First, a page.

Corporations Confident in Data Protection Programs but Scrutiny is Lacking, New Report Finds
Pillsbury Winthrop Shaw Pittman, a New York-based law firm with a technology, media and telecom (TMT) cybersecurity practice, has issued a new report that found a large percentage of companies remain unprepared to protect their data from the cyber challenges ahead.
Companies Confident Over Data Protection
By contrast, however, a “surprisingly” large percentage of companies are confident in their ability to protect their data, Pillsbury said in its report, entitled “Cybersecurity: Confidence or Crisis.”
Pillsbury found that companies’ high level of confidence in their ability to protect confidential data may not match how carefully they scrutinize their cybersecurity programs. The report’s findings are based on interviews with corporate board members, C-suite executives and in-house counsel worldwide.
The Stakes Are High
Here are the study’s key findings:
- While the vast majority of TMT and financial services executives are confident in their existing cybersecurity capabilities, only 34% of energy, mining & utilities respondents feel the same.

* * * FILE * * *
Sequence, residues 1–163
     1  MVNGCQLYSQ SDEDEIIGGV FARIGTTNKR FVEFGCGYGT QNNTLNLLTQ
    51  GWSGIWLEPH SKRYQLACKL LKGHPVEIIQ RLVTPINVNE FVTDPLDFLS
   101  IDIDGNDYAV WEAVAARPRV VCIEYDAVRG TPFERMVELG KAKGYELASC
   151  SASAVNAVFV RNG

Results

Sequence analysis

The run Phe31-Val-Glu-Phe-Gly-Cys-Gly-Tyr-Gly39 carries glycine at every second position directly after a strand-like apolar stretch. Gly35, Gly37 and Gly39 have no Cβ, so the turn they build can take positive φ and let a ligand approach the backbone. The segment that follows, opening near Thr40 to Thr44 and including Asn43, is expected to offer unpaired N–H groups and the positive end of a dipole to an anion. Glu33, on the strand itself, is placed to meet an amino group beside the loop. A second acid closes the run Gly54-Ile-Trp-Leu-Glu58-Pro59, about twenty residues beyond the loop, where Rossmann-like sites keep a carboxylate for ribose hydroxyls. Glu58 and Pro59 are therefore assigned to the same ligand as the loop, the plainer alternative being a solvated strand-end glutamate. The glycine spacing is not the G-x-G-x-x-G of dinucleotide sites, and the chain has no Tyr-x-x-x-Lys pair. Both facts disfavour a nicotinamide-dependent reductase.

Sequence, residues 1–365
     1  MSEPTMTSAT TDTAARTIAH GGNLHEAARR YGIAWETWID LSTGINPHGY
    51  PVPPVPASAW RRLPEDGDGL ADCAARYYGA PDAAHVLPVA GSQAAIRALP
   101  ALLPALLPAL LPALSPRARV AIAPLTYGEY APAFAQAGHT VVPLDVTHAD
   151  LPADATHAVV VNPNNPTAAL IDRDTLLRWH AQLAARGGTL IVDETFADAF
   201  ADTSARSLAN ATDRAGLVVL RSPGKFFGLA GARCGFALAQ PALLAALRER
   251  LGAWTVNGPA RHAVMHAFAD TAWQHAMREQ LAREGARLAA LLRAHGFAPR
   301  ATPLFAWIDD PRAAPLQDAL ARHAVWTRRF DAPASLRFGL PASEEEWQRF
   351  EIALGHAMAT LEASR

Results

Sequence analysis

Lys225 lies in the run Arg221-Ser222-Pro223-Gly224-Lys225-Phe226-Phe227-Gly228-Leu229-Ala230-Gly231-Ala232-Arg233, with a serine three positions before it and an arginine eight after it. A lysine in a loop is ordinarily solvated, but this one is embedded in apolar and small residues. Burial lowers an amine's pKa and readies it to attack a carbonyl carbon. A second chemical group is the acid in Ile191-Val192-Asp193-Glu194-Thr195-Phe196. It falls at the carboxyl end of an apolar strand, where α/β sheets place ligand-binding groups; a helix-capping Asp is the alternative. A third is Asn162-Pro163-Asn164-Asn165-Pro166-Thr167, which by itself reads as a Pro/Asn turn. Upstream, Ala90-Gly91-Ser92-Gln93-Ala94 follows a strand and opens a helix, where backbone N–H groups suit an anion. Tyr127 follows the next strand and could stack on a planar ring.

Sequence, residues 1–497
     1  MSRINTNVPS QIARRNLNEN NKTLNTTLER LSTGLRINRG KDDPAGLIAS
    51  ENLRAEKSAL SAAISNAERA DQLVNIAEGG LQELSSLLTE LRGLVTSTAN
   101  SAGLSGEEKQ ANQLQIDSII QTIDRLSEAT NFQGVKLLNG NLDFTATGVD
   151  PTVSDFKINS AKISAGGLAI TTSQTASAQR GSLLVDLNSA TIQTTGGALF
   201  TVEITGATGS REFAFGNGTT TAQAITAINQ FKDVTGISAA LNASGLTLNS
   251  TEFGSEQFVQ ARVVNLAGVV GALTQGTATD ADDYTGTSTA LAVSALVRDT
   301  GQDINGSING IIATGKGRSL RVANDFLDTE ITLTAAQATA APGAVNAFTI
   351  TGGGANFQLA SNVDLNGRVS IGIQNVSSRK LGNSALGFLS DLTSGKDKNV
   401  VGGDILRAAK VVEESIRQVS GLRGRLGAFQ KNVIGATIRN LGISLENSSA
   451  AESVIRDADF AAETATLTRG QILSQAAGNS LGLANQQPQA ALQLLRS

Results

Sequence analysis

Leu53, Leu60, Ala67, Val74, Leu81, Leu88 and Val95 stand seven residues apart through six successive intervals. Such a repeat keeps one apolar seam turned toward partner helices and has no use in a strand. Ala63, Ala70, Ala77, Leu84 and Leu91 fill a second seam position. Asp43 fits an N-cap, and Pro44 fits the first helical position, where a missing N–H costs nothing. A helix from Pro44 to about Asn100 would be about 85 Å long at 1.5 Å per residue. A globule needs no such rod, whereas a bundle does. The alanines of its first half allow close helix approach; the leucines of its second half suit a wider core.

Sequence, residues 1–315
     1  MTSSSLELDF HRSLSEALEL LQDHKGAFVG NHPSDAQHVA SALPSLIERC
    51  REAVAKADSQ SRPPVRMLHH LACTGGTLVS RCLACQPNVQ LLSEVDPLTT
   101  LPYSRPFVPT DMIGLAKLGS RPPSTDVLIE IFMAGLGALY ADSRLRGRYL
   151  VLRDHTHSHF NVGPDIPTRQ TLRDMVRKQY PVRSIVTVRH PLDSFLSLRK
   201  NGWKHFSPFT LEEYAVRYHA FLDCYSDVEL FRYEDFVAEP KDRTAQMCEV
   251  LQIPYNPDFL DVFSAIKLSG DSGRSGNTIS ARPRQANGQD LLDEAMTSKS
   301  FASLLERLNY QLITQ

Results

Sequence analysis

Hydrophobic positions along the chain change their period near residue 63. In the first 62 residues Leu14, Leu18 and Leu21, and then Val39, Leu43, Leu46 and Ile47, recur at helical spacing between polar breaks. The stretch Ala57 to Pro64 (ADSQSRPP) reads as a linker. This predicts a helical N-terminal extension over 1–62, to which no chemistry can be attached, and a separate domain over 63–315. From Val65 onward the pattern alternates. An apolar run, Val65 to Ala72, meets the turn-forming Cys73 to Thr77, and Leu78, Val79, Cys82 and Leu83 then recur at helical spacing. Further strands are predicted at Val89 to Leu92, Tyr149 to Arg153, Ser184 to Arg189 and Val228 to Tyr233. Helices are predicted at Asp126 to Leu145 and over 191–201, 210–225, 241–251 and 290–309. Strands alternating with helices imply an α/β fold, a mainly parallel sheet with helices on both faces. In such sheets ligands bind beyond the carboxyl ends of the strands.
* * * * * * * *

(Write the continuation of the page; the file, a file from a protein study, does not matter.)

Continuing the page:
- Only 2% of respondents said C-level executives have ultimate responsibility for cybersecurity concerns at their organizations
- 1 in 6 does not have a dedicated in-house cybersecurity response team.
- Just 51% of survey respondents possess dedicated cybersecurity insurance.
- Only 47% have a corporate policy in place for responding to ransomware attacks.
- 33 percent of respondents do not have staff actively tracking related legal developments.
Commenting on the report, Deborah Thoren-Peden, Pillsbury partner and cybersecurity, data protection and privacy co-leader, said:
“More and more companies are handling sensitive data, and some industry experts project global annual losses from cyber threats to reach $10.5 trillion by 2025. While many companies feel pretty confident in their current cybersecurity infrastructure, the stakes are simply too high not to scrutinize their cybersecurity programs carefully, especially given the inconsistencies we’ve found through our survey.”